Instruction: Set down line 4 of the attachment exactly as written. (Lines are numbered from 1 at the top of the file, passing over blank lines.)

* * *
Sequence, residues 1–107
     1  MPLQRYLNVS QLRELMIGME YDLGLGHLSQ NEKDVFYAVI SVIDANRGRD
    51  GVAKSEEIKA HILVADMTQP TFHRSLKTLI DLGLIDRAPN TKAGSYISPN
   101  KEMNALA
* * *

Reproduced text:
   101  KEMNALA